Minimizing Cart Loss

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Minimizing Cart Loss

A driver recovering Container Centralen racks finds a person at the rear of a retail store loading Container Centralen equipment into a truck. That’s odd, the driver thinks, so he questions the person about the loading job.

The driver quickly realizes this person is stealing carts and planning to deliver them to a scrap metal yard. Container Centralen files a police report with the information the driver provides, and the driver now qualifies for a $500 reward as an incentive of Container Centralen’s new Equipment Protection Program.

Container Centralen wins because it maintains its equipment; the driver wins because he’s eligible for a fistful of cash; growers win because they’ll have a load of carts to use for their next shipments; and retailers win because they’ve helped their vendors keep costs down and prevented an act of theft on their property.

“Cart and rack theft varies by region,” says Sonny Costin, president of Container Centralen, a company that specializes in operating a pool of returnable transport items. “The Northeast appears to have the largest problem with scrap metal yards and cart theft. Container Centralen has only a modest presence in the Northeast, so we have not had much exposure to these problems. However, as we expand into that region, we are implementing the Equipment Protection Program and other initiatives to address these challenges.

Carico Cowin, an Indiana-based company that provides wire roll carts and containers for material handling to a variety of industries, is releasing a line of nursery product distribution carts for Spring 2010. Carico Cowen, which owns a manufacturing facility in China, offers direct shipment and three U.S. distribution warehouses.

“Carts are a big capital expense, and with any capital expense you need a bottom line,” says Barbara Park, Carico Cowen field marketing manager. “Growers are looking to reduce costs, and unfortunately that has meant lower quality in the past. But for us, moving to the Asian market has helped improved quality.”

For more information on Carico Cowin, visits its website at CaricoCowin.com.

Retailer cooperation makes a huge difference in cart loss rates, Costin says, and benefits growers, retailers and Container Centralen because lower loss rates equal lower costs–a win-win-win for all.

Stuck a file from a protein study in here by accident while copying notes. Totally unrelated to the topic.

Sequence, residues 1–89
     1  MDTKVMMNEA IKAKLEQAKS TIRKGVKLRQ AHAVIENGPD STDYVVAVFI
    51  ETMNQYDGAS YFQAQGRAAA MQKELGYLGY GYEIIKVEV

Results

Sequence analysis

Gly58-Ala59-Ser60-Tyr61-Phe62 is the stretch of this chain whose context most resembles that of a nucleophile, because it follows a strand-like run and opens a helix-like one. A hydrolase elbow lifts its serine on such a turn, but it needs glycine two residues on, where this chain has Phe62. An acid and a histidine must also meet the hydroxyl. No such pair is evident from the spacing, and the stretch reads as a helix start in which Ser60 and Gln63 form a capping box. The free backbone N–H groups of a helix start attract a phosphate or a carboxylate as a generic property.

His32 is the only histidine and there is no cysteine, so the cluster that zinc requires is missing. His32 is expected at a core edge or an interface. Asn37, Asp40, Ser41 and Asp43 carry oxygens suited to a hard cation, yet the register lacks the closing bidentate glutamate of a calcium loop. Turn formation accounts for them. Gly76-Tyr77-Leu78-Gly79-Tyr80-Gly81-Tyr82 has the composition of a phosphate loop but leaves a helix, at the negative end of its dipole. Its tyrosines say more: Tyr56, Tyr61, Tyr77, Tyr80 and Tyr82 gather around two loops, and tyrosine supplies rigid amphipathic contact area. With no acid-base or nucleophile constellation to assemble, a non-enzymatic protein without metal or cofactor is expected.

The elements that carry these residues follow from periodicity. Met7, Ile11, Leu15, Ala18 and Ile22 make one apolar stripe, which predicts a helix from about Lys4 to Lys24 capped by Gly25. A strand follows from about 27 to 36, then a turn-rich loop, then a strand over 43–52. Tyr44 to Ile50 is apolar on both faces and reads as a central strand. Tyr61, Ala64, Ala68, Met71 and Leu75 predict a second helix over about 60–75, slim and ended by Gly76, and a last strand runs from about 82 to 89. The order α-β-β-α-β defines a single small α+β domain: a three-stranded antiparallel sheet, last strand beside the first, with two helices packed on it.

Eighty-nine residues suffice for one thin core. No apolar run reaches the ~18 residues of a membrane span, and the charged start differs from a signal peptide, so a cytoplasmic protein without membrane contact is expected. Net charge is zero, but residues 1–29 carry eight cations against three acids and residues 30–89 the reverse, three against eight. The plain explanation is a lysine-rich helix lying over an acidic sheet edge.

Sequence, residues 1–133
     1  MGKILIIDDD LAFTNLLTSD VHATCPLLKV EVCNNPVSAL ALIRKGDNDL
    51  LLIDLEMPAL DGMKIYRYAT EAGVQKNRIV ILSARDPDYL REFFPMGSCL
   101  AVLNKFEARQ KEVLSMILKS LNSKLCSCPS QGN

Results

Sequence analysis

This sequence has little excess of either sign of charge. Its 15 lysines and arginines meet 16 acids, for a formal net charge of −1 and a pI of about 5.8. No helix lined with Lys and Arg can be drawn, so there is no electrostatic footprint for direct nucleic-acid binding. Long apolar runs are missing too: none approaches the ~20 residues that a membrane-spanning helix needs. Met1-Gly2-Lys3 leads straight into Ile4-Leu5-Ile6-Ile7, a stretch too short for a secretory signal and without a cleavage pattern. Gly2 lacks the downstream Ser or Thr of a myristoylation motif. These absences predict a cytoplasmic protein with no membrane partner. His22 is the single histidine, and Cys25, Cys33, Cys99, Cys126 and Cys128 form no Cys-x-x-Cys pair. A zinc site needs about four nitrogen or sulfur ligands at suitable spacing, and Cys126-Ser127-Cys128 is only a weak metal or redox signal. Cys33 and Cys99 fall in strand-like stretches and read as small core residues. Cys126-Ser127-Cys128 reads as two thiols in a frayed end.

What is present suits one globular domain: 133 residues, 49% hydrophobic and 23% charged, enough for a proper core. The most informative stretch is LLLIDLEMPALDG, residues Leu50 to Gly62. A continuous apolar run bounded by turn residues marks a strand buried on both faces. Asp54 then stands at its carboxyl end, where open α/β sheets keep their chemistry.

Minimizing Cart Loss

If you regularly ship carts and racks to your grower and retail customers, you’ve likely experienced some equipment theft. And if you’re among the few who haven’t experienced theft, you’ve surely experienced equipment loss.

Tracking carts and racks is like herding cattle: You may be able to keep the bulk of your carts and racks together, but a few are bound to break from the pack, get stolen or lost and wind up costing you money.

Strategies for minimizing equipment loss, then, are:

- Hiring an equipment manager whose job is to track the whereabouts of all carts and racks.
–Aligning with suppliers that help minimize equipment loss through technology or take responsibility for lost or stolen carts themselves; and
–Buying less expensive equipment and assuming the loss.

“A lot of growers are buying cheap, and they’re doing it because they lose carts,” says Paul Burn, technical sales representative for Wellmaster Carts. “When they lose carts, growers will say it’s better to lose a $150 cart than a $350 cart.”

Some growers, Burn says, don’t track their equipment as well as others. In some cases, growers will argue their carts are stolen when, in reality, they’re simply misplaced.

“They may have been going to a big box retailer,” Burn says, “and they wind up going someplace else inside that retail operation. Or, there are instances when that retailer may decide it needs petunias at another operation–so equipment is misplaced.”

There are other frequent instances, Burn says, when drivers are asked to pick up carts yet pick up another grower’s carts instead. So by the end of spring, growers may have 20 or more carts in house that belong to totally different growers.

A Possible Solution